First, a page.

Getting Into Gravel:
For a lot of people, including myself, gravel riding is a pretty new concept. Coming from the road, I had to change my style of riding a lot, and embrace the fact that I was a beginner again. Bike handling was always something I felt confident with on the road, so I was surprised by how many new skills I was having to hone for gravel.
When it came to making the transition into off-roading, or when I was heading out into some more difficult terrain for the first time, I went with the approach of less is more. I didn’t go straight from riding for an hour on sedate woodland trails into 100km of far rougher stuff, and if I reached a section I didn’t yet have the skills for then I would take it slower. And if I couldn’t ride it first time round, I would go back again and again until I could.
When riding with other more experienced riders, I took things at my own speed. It was very much a case of leaving my ego at home, and being prepared to listen and learn.
This may all seem fairly obvious, but I’d always had a fearless approach to riding, and would take things as fast as possible. If I could see that a corner wasn’t too severe I would head into it on the limit, and that approach came back to bite me on more than one occasion. It’s not all about the legs anymore.
Whether you’re a stronger rider or not, if you know someone who is more experienced in off-road riding then ask questions, and ride with them if you can. Watch what they do, and ask how they do it. Sharing in the knowledge and encouraging others to find joy on the gravel is something I’ve loved about this corner of the cycling world.
The lack of predictability and control in comparison to putting in the hours on the smooth stuff is part of what makes this type of riding so much fun, but being able to relax and go with the flow can take some time. When I first started riding off-road I never wanted to put a foot down, hiking with my bike felt like a failure, and I spent more time on the ground then I should have.
I spent months riding the same couple of laps at first, and gradually built up my confidence and technique. Simple things like maintaining stability while riding really slowly on a slippery climb, learning where to look ahead of you on the trail, working on core stability, and even how to hold the bars. It all takes practice and time, and the better I got at the basics, the more fun I could have throughout a ride. Whether it was a super fast section of smooth gravel, or a barely rideable section where I’d eventually clamber off and hike the bike, the diversity of the ride is what makes it great.
The Week In Riding:
This week we saw the summer weather turn to rain, which is always a difficult adjustment after weeks of sunshine. I made the most of the last couple of dry days, before embracing the wet conditions again. I’ve never been bothered by going out and getting muddy, but getting reacquainted with the greatly reduced grip was a shock to the system.
A quick tyre change (more on that next week) and a few wheel slips later I was back into it. When the weather turns, it’s always a bit more difficult to get out of the door and find the motivation to ride. But I picked the best of the dodgy days to go on my longest solo exploration for a while, and I’m glad I did. I never force myself to go out on the bike anymore, but some days I do need to give myself some gentle encouragement. I never regret it once I’m out there.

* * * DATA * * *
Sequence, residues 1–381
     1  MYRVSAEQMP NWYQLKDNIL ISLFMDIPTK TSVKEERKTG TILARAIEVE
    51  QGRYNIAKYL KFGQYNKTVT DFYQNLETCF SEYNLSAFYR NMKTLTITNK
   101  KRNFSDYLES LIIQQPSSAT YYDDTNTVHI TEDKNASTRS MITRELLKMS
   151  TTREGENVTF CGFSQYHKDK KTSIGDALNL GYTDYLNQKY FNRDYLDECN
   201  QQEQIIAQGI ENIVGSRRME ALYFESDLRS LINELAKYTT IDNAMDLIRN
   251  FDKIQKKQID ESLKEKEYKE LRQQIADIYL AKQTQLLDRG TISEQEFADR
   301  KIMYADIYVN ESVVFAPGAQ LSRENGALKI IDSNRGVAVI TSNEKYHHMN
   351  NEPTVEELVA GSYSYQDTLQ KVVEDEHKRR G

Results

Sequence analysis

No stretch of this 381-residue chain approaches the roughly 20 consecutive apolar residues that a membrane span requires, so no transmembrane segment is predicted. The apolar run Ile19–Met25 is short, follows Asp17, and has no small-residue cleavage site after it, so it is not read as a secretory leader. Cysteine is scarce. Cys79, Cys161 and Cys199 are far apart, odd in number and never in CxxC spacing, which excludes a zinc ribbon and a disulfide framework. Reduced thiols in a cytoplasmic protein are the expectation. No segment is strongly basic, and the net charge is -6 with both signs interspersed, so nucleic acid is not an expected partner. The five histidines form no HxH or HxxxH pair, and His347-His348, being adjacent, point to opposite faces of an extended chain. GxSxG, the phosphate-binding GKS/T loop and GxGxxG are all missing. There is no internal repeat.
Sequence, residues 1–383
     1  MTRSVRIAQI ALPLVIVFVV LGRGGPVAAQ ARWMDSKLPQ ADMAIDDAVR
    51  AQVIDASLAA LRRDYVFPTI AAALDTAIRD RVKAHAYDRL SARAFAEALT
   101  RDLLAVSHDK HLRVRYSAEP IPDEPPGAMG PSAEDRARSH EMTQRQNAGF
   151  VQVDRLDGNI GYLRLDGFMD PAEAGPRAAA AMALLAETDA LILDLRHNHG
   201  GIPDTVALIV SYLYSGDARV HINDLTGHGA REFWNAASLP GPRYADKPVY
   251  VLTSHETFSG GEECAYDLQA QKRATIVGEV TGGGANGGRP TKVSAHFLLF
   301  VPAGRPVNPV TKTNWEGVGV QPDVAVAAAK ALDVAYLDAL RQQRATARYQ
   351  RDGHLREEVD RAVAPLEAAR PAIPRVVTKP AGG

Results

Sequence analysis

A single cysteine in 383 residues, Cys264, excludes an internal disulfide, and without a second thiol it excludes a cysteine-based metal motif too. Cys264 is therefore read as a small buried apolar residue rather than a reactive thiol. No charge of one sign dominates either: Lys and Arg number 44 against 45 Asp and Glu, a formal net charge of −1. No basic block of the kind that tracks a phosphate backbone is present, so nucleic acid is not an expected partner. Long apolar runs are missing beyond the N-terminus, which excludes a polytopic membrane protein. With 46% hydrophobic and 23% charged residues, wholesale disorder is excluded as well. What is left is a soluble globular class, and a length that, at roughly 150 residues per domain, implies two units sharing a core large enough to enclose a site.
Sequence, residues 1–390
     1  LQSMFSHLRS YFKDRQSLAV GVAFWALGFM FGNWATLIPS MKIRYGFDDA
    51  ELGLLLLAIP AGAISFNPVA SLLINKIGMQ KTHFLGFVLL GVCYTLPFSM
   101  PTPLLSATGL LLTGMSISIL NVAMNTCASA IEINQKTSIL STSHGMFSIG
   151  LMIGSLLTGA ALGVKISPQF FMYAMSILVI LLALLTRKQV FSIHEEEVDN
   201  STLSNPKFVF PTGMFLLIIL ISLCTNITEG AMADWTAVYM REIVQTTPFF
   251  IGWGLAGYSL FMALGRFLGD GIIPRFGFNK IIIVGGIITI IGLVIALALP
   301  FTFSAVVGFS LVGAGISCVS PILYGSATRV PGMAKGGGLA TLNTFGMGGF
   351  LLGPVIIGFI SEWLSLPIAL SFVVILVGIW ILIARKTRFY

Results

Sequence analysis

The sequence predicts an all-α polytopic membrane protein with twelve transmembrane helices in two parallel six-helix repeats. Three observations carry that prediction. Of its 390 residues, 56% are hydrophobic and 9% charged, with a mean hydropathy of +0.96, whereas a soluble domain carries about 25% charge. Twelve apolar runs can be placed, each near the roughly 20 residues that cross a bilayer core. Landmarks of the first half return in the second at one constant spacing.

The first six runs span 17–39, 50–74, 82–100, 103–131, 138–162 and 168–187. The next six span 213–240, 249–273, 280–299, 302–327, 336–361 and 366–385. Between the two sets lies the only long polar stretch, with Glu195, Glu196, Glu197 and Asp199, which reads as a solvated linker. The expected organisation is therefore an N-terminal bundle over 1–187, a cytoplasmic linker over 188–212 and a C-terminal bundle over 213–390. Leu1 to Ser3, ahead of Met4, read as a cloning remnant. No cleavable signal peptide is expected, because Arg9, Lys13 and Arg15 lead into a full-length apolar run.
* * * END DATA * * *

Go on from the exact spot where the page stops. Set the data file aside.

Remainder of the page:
Route Of The Week:
This weeks route is one of my favourite mid-length rides. In just over 50km it goes over the Clee Hills twice, so packs a punch when it comes to the views. It’s one of those rides that doesn’t go too far from home, and yet feels like an awesome day of exploration on the bike. Not only is it a pretty tough one for the distance, but you also get a lot of bang for your buck when it comes to beauty as well. The second ascent (and subsequent descent) of Clee Hill is particularly spectacular, and is all on the gravel and grass.
A mixture of quiet back lanes, and plenty of off-road sections, this one definitely made it worth getting my bike mucky this week.
Tech Of The Week:
This weeks tech is a small one, but it’s still mighty. Over the winter I struggled to find a pair of sunglasses that I could wear off-road. For the majority of my career I was sponsored by Oakley, so these were the glasses I took out into the woods as well. But I always faced two pretty major problems, and one of them always led to me taking off the glasses just as I needed them the most.
The first problem was the changing light, especially when going in and out of tree cover. One minute it would be bright sun, and the next I would barely be able to see the trail. And the second, more blinding issue, was the glasses steaming up. I would spend nearly all my time putting them on and off as my eyes filled with mud or bugs. Not being able to see where you’re going proved to be a pretty major handicap to riding speed and enjoyment.
Then along came French brand Julbo, and both problems were instantly solved. It’s rare that it’s that simple, but from one ride to the next I went from barely ever having clear vision to always having it. They never steam up, and change their tint instantly with the light. To have properly reactive lenses and true anti-fog technology in one pair of glasses seemed too good to be true, but it wasn’t. These are awesome.
Along with some multi-day rides, and overnight camp-outs, next week, I’ve also got some of the most important bits of tech to share with you.
Choosing a wheel and tyre combination to tackle the surface and conditions can be a tricky one. It often requires a fair bit of trial and error, and so I’ve done just that. From the best tyre to take you over the mud, to fast rolling dry weather tyres, and the benefits of going tubeless, I’ll be giving a run-down of all the chart toppers I’ve discovered along the trails.